blockchain security


Proof-of-Work Badge

We often get asked whether we have to release a client’s audit results publicly, fearing that we’ll disclose a list of high risk vulnerabilities that will taint the image of their team. We only release the results of an audit if the client explicitly requests that we do so. The problem is that when the results are not released publicly, the client has no way of proving that they have performed the audit, losing out on the opportunity to show that they take security seriously.  As a result, we’ve developed the iosiro Proof-of-Work badge:

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How it works

Our Proof-of-Work badge can be placed on a client’s website for their users to verify that specific work has been performed by iosiro. We will only award the badge if:

  • We have conducted a comprehensive audit of their smart contracts; and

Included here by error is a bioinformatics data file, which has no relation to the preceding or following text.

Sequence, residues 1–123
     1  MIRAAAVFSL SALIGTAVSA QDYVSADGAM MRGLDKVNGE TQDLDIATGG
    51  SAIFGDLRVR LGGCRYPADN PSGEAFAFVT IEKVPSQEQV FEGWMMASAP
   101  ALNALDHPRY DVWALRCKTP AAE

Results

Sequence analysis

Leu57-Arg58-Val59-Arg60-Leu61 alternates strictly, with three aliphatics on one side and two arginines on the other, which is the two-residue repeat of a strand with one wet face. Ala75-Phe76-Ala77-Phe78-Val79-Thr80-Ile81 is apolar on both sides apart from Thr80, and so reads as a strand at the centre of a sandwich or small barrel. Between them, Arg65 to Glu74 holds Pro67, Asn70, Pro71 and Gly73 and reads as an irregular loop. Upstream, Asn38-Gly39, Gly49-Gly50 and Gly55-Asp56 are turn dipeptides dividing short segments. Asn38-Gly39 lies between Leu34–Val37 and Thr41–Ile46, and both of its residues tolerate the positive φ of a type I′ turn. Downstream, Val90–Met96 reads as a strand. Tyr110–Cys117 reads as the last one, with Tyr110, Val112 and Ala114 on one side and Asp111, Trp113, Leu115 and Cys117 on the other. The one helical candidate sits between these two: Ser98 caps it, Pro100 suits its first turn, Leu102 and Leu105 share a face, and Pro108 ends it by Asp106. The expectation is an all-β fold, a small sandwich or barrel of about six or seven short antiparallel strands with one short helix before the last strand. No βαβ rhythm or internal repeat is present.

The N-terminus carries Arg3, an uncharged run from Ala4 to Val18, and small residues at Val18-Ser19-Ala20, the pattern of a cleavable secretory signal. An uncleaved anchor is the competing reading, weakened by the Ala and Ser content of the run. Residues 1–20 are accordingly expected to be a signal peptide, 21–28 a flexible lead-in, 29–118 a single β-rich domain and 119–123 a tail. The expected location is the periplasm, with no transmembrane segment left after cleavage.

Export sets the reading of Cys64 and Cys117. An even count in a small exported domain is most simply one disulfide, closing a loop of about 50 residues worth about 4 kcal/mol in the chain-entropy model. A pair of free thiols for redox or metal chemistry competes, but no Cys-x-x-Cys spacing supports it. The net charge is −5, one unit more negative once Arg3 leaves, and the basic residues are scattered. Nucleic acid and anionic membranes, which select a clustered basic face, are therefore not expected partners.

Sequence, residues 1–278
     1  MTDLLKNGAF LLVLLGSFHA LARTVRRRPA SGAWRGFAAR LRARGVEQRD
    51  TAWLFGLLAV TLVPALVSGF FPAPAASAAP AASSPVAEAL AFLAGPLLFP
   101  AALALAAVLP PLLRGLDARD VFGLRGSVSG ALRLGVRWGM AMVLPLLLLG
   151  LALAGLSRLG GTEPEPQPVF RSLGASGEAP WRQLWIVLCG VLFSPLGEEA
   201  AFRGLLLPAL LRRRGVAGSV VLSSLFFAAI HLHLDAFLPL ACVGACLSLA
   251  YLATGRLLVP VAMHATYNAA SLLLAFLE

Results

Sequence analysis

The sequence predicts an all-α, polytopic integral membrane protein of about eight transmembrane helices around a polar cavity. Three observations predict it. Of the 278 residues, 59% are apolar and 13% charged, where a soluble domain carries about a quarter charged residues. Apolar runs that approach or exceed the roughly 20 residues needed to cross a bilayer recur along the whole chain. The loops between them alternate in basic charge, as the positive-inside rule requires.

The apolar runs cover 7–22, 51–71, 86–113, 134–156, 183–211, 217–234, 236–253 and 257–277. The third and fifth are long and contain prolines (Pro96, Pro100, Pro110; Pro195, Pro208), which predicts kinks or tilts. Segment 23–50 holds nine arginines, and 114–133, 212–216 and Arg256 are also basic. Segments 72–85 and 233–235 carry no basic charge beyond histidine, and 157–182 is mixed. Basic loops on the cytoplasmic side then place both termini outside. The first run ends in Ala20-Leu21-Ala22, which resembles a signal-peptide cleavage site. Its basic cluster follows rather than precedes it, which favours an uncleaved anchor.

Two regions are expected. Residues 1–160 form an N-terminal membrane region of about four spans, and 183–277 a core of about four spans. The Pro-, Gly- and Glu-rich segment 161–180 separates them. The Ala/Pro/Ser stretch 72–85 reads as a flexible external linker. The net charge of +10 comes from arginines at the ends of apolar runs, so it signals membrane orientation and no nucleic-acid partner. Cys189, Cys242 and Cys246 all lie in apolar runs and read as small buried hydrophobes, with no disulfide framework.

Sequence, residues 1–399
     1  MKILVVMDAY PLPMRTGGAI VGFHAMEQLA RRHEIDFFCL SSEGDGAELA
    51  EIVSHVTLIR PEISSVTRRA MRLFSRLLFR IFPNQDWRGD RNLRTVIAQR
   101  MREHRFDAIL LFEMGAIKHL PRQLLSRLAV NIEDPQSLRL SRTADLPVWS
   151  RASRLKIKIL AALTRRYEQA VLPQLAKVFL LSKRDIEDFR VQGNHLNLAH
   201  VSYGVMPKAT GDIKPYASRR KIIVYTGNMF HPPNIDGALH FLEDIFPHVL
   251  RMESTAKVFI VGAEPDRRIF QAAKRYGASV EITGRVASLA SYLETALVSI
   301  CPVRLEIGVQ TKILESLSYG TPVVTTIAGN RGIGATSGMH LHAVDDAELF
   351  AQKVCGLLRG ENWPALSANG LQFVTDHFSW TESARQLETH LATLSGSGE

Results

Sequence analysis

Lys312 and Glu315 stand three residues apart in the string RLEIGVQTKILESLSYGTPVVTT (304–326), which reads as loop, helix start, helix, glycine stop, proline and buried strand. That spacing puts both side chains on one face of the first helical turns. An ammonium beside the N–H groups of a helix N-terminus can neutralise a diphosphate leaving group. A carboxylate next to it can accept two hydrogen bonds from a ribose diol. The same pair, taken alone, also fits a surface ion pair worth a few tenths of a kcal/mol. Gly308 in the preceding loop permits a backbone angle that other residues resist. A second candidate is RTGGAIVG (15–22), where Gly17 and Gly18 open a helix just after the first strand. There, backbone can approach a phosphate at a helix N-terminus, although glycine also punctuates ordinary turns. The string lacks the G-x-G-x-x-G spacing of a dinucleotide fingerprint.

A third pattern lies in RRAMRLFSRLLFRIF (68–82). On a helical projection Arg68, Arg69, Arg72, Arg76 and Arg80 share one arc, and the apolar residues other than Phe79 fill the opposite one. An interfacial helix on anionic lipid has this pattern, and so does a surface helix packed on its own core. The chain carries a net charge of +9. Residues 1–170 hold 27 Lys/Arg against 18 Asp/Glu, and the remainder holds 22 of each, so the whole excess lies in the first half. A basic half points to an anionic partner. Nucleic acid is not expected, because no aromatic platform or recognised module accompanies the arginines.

• We are satisfied with the level of security achieved by the company based on the extent to which they addressed issues identified during the audit.

It’s important to note that not all clients will receive a badge for work performed. Only work that meets the above specified criteria will receive the badge. However, it’s worth noting that this does not mean that the client has perfect security. Any security professional will tell you that perfect security doesn’t exist. Anyone can be compromised, whether you’re a government agency such as the NSA or a coffee shop down the road.

How to verify

Clicking on the badge will link back to, which will display information about the specific work performed based on cryptographically signed data included in the button element.

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If the data is tampered with, or incorrect for any other reason, the user will be instructed that the contents is invalid.

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Under the hood

The technical details and implementation are available on our Github page. In short, we sign the contents of the badge using a PGP key. When a user arrives on our site, the server will verify the data and if it has been correctly signed, it will display the relevant information back to the user, such as the client name, the nature of the work, and the date that we issued the badge.

Matt Msecurity, phishing